Vemööre Declaration : Commitments to nature conservation action in the Pacific Islands region, 2021-2025
“Vemööre” is a term in the Kwenyï language spoken by people from the Isle of Pines in New Caledonia. It is used to highlight a collective commitment and responsibility to implement the principles of life, to preserve balance, to build alliances, and to respect the word between people and between the spirits of our environment.
This Pacific Islands Framework for Nature Conservation and Protected Areas2021-2025 is the principal
regional strategy document for environmental conservation in the Pacific. Its purpose is to guide broad
strategic guidance for nature conservation planning, prioritisation, and implementation in our region. It
reflects the urgent need for transformative action in response to the multiple accelerating threats, both
established and emerging, that are faced by nature and people in the Pacific.
Scheduling incremental actions to build a comprehensive national protected area network for Papua New Guinea
Systematic conservation planning identifies priority areas to cost-effectively meet conservation targets. Yet, these tools rarely guide wholesale declaration of reserve systems in a single time step due to financial and implementation constraints. Rather, incremental scheduling of actions to progressively build reserve networks is required. To ensure this incremental action is guided by the original plan, and thus builds a reserve network that meets all conservation targets, strategic scheduling, and iterative planning is needed.
Community-based management and co-management are mainstream approaches to marine conservation and sustainable resource management. In the tropical Pacific, these approaches have proliferated through locally-managed marine areas (LMMAs). LMMAs have garnered support because of their adaptability to different contexts and focus on locally identified objectives, negotiated and implemented by stakeholders. While LMMA managers may be knowledgeable about their specific sites, broader understanding of objectives, management actions and outcomes of local management efforts remain limited.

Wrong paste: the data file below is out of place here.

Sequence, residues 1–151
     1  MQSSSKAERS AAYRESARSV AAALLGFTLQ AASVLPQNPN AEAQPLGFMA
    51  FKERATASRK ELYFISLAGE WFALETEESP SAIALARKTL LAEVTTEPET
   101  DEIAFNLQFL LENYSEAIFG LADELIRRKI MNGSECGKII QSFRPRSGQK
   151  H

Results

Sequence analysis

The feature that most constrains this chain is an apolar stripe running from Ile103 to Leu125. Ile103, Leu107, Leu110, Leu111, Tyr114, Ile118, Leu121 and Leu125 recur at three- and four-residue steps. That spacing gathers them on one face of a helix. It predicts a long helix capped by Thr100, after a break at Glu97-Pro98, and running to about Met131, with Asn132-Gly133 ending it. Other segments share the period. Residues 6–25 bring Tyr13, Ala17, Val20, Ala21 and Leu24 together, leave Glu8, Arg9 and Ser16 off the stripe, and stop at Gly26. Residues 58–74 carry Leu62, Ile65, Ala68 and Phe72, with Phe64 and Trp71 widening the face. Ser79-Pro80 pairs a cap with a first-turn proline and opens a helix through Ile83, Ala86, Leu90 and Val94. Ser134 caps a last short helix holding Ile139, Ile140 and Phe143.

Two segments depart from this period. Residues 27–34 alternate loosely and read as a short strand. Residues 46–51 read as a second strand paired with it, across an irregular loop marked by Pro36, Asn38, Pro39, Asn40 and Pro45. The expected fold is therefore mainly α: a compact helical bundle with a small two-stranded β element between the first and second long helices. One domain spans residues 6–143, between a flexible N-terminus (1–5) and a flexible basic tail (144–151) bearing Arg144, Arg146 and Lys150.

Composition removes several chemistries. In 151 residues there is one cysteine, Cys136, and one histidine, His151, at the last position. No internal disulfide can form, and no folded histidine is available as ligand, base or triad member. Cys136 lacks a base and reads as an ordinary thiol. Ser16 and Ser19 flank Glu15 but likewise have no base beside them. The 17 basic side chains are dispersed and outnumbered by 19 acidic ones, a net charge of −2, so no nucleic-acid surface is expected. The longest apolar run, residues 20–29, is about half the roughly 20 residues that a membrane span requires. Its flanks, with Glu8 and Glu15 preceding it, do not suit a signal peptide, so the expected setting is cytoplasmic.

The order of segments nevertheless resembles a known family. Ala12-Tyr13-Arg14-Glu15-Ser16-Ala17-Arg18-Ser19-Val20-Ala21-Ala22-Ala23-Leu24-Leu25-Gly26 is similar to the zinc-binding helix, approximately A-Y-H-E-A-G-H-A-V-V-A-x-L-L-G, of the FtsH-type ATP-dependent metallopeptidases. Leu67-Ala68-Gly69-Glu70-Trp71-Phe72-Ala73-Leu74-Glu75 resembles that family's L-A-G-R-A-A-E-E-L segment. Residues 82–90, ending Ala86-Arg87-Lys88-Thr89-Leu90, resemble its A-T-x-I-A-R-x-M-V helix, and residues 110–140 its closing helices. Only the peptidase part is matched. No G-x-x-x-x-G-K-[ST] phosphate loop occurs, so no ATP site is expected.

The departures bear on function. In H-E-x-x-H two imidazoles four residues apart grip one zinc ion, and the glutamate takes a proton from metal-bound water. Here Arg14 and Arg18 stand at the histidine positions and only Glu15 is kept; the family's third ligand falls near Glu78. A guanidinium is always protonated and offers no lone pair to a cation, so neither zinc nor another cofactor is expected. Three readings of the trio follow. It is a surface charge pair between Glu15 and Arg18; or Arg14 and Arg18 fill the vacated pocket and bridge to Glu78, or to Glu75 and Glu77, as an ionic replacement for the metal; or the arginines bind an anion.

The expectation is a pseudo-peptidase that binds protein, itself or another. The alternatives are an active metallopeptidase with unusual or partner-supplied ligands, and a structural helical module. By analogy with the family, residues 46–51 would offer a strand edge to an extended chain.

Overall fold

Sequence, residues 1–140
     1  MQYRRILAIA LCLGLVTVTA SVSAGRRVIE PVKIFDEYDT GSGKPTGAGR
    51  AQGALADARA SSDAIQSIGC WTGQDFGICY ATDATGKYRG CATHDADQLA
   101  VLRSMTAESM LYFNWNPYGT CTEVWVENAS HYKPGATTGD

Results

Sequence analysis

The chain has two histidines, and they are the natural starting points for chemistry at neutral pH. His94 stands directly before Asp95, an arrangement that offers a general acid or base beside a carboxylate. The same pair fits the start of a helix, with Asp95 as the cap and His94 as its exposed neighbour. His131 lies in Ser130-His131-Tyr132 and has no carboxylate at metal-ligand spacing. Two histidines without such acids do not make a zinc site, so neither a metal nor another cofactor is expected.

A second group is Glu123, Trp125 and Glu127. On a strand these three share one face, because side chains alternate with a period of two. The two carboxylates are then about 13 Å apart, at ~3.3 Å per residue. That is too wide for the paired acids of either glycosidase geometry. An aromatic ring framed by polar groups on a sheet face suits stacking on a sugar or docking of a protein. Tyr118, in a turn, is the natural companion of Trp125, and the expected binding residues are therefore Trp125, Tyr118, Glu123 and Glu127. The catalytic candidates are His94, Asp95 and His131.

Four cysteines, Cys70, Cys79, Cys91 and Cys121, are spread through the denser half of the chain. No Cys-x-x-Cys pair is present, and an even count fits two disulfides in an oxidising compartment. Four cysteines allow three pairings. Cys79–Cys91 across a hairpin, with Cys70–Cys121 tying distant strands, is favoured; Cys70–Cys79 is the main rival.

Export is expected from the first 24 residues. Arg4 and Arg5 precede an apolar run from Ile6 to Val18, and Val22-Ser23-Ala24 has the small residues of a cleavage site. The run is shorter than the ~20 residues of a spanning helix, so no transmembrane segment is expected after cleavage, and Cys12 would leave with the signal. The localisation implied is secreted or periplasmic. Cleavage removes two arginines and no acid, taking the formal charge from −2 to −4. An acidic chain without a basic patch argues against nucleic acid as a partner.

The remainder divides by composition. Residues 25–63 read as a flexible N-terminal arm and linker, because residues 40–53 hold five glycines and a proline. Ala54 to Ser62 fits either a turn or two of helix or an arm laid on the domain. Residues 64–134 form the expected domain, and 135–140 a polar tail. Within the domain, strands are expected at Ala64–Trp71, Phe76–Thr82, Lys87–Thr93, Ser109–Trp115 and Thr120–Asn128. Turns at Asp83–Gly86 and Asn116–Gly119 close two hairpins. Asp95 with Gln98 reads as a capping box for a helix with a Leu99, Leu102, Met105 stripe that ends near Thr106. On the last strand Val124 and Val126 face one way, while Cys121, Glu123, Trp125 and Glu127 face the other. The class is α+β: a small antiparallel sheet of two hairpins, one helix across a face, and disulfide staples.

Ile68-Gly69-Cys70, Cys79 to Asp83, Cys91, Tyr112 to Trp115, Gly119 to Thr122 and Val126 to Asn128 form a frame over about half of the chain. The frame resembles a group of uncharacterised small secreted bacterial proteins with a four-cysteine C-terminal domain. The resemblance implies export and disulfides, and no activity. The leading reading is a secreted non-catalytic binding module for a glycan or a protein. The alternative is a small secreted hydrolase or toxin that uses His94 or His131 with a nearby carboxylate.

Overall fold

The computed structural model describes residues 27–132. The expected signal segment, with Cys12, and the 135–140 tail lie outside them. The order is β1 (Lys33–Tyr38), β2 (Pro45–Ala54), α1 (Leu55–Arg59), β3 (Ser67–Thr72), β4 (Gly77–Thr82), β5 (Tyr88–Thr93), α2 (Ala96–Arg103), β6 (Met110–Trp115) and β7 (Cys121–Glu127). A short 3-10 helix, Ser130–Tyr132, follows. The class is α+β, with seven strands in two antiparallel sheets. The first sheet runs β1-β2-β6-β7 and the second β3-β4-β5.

In 2019 The Sirebe Rainforest Conservation Area was declared a protected area under the 2010 protected area ACT. It protects and conserves one of the last untouched rainforest ecosystems in Choiseul Province and Solomon Islands. The protection of this unique area is the effort of the Sirebe Tribe, fulfilling their long-term commitment to safeguard their forest against large scale logging operations. The area features lowland and hill rainforest giving presence to a high variety of wildlife and plant species.
In 2019 the Siporae Rainforest Protected Area was declared a protected area under the 2010 protected area ACT. It protects and conserves one of the last untouched rainforest ecosystems in Choiseul Province and Solomon Island. The protection of this unique area is the effort of the Siporae Tribe, fulfilling their long-term commitment to conserve their forest against large scale logging operations. The area consist of lowland and hill rainforest giving shelter to many wildlife and plant species.
Well-managed and enforced no-take marine reserves generate important larval subsidies to neighboring habitats and thereby contribute to the long-term sustainability of fisheries. However, larval dispersal patterns are variable, which leads to temporal fluctuations in the contribution of a single reserve to the replenishment of local populations. Identifying management strategies that mitigate the uncertainty in larval supply will help ensure the stability of recruitment dynamics and minimize the volatility in fishery catches.
The Pacific Islands Roundtable for Nature Conservation (PIRT) is a coalition of nature conservation and development organizations, governments, inter-government, donor agencies and community groups created to increase effective conservation action in the Pacific Island Region. It was established in 1998 at the request of Pacific island countries and territories which was voiced at the 6th Pacific Islands Conference on Nature Conservation and Protected Areas in 1997.
Palau’s Exclusive Economic Zone (EEZ), with a total of 500,238 km2 (over 300,000 mi2 ), became a multi-zoned national MPA in 2015, through the Palau National Marine Sanctuary Act. The larger zone, taking up 80% of the EEZ, is called the Sanctuary and is one of only 25 Large Scale Marine Protected Areas in the world. The Sanctuary is a strict marine reserve which prohibits disturbance, alteration, destruction, or extraction of any resource.